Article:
From the age of seven until the age of fifteen, I lived in Coronado, Ca. which means we lived there from 1945-1953. Coronado is called an island but it is actually connected to the San Diego area by a narrow strip of sand called The Silver Strand. Coronado, which is across the bay from San Diego’s downtown business district, is a wealthy city.
We lived in a government housing project that was built during the World War ll to house workers in the aircraft industry. If you are familiar with the San Diego area, the project was right where the Coronado bridge now comes down in Coronado. The area is a country club these days.
The original intention of the government was for the project to be torn down immediately after the war. The buildings were plywood, nailed up with double headed nails so the project could be easily dismantled. Not only were they poorly constructed, they were also not kept up. Once we went months without hot water, which illustrates the low quality of the maintenance we lived with.
My dad was a sheet metal worker at North Island Naval Air Station which occupies more than half of the of Coronado Island. He never made enough money to care for whichever of his six kids were living at home at the time.
We were frequently hungry. I passed out from hunger on at least one occasion. Our diet was protein poor. Things were especially desperate the week we had to pay the rent. Rent week, we pretty well ran out of food about Tuesday and stayed out of food until Friday when my dad got his next check. On Fridays, we always had homemade hamburgers. I doubt if anything I will ever taste will surpass how good those hamburgers tasted.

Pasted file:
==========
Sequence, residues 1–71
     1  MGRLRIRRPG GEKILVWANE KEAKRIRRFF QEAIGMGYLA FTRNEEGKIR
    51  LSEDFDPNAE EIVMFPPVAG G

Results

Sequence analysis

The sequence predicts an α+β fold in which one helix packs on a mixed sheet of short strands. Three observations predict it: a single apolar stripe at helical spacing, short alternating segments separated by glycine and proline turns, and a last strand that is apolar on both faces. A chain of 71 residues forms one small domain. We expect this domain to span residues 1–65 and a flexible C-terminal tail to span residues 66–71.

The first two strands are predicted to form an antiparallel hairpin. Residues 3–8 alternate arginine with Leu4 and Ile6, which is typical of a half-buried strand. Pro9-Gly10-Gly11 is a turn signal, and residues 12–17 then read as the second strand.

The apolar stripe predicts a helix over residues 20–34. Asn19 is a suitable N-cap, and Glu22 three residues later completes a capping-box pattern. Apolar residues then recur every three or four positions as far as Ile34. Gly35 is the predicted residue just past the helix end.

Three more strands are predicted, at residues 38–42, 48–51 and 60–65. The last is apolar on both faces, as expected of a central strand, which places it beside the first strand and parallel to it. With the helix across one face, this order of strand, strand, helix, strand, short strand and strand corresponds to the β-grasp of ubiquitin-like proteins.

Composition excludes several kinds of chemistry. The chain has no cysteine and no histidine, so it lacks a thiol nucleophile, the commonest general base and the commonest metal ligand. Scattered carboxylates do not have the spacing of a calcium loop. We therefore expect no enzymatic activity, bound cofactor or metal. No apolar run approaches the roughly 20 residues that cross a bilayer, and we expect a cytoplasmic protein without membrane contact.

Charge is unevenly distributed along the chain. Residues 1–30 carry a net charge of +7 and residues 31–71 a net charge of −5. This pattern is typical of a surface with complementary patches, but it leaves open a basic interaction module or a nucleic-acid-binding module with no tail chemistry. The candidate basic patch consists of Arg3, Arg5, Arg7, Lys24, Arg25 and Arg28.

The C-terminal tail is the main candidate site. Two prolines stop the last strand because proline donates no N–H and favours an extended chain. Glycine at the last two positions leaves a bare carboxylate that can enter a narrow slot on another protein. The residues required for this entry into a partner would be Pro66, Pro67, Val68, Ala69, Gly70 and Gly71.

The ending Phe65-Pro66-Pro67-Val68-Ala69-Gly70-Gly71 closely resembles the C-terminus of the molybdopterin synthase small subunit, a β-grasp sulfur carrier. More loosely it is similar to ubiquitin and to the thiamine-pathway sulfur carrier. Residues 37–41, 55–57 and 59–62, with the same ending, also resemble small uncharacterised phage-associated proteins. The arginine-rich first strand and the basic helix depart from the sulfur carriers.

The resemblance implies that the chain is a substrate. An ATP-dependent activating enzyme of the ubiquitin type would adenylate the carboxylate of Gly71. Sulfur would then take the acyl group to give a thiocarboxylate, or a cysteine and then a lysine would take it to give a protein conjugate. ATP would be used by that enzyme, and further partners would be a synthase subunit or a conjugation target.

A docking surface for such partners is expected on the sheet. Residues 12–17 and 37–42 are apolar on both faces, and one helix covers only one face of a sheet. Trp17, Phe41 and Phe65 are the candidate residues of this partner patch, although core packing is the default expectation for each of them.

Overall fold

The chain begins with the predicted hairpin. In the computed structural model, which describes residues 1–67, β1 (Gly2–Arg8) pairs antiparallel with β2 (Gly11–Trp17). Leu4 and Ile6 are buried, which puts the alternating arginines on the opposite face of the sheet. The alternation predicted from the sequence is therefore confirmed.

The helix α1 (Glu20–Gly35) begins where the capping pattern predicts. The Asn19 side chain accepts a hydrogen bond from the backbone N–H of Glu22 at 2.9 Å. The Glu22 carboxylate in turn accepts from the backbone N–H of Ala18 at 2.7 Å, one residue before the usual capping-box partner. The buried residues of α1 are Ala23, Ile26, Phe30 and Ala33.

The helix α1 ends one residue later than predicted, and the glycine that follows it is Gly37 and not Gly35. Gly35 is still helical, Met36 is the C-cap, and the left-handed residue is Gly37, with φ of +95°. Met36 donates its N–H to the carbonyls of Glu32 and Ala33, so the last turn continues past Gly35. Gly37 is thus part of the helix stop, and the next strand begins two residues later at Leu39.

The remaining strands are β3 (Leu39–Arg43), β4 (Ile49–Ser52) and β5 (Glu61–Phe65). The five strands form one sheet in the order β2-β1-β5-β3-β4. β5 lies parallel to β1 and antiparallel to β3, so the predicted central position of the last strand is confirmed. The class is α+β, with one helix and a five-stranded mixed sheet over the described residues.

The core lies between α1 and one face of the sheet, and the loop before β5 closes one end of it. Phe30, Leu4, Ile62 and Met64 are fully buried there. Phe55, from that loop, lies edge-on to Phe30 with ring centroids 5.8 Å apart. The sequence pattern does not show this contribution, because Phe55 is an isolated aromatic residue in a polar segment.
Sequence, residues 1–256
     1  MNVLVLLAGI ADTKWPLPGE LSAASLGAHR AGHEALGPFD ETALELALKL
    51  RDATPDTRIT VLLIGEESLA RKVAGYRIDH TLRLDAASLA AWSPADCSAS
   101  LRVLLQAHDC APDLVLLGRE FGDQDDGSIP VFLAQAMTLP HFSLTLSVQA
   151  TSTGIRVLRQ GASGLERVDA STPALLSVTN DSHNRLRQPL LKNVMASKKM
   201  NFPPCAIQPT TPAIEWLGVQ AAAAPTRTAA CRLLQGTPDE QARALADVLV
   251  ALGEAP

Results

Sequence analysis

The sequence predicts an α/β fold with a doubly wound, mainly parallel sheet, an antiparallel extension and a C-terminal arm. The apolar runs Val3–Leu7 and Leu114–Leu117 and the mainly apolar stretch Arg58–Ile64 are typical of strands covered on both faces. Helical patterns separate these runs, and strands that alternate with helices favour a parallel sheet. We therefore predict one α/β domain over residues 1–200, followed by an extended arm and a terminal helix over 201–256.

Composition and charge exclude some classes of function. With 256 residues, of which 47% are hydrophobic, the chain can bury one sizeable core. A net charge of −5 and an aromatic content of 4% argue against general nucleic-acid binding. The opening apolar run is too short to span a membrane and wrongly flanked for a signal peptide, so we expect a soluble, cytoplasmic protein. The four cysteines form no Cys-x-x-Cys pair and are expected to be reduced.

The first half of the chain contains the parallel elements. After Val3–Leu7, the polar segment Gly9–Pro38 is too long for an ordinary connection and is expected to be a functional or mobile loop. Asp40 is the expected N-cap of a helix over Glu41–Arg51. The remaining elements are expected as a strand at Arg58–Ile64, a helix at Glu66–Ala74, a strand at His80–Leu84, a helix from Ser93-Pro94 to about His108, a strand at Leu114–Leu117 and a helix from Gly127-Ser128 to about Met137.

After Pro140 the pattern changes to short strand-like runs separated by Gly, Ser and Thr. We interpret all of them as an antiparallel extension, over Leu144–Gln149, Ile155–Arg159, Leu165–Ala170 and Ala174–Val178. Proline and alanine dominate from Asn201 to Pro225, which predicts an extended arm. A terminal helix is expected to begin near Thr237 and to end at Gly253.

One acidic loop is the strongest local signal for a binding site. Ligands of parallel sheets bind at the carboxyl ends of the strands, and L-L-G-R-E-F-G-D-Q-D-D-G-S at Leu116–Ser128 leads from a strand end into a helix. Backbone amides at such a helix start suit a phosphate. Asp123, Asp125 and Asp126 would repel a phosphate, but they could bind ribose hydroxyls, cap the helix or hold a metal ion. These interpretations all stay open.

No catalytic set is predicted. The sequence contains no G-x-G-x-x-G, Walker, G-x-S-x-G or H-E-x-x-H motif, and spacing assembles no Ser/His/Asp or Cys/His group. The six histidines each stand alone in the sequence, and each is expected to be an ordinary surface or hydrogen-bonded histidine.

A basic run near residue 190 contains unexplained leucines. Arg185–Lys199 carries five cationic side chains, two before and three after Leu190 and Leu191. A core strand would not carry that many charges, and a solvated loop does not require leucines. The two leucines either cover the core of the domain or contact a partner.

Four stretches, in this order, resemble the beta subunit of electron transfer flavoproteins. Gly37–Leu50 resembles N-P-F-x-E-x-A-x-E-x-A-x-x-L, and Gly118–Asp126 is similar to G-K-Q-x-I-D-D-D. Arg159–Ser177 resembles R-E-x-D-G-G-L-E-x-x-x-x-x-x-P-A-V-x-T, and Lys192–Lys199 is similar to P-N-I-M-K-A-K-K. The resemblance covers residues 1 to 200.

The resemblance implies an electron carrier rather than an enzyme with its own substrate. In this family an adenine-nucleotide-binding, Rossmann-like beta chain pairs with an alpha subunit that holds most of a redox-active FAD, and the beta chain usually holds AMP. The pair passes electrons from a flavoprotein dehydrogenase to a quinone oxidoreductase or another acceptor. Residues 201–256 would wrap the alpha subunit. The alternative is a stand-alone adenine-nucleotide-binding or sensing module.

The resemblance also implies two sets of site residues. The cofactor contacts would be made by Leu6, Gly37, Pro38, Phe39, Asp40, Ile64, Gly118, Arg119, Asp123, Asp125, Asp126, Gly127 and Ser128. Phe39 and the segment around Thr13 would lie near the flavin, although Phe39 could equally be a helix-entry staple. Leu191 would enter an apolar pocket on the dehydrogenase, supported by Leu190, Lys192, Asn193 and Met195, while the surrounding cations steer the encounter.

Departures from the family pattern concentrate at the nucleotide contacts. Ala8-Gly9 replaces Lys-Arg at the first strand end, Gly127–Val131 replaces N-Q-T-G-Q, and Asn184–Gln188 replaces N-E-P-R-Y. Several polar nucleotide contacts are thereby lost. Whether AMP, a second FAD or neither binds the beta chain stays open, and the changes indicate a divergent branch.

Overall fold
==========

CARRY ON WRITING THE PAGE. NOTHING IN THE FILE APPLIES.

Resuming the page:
On the occasions when we ran out of food, we lived on the kindness of a man named Mel who drove our neighborhood’s route for The Conklin Bakery Company. At that time, bakery companies delivered baked goods to neighborhoods much like dairy companies delivered milk. Mel was willing to give us credit. That meant we lived on bread, brownies and pies for days at a time. Once I got six brownies and ate them all within ten minutes. Mel at least insured that we had enough calories in our diet to keep us going. I remain powerfully grateful to him.
I have heard that in a sense dogs have never been fully domesticated. In the wild dogs ate ravenously at every chanc
Finally, my dad shot himself with my gun. To get away from the scene of his death, we moved to a project that was in another part of San Diego called Linda Vista.
My mother’s shame and rage was multiplied by my dad’s suicide. She needed a new target. Her rage was in large part, aimed at me. It was devastating. Sometimes when the rage seemed unbearable, my sister Judi and I would call one or both of our older married sisters to come over to calm her down. I was deeply wounded by Mom’s behavior and as a result I felt like I was very low class. Here is an example of what I mean.
La Jolla is a uber wealthy beach city just north of San Diego. When I got old enough to buy myself a car, I would not drive through La Jolla. Instead, I circumnavigated clear around all the city. I didn’t feel worthy of being near such wealth.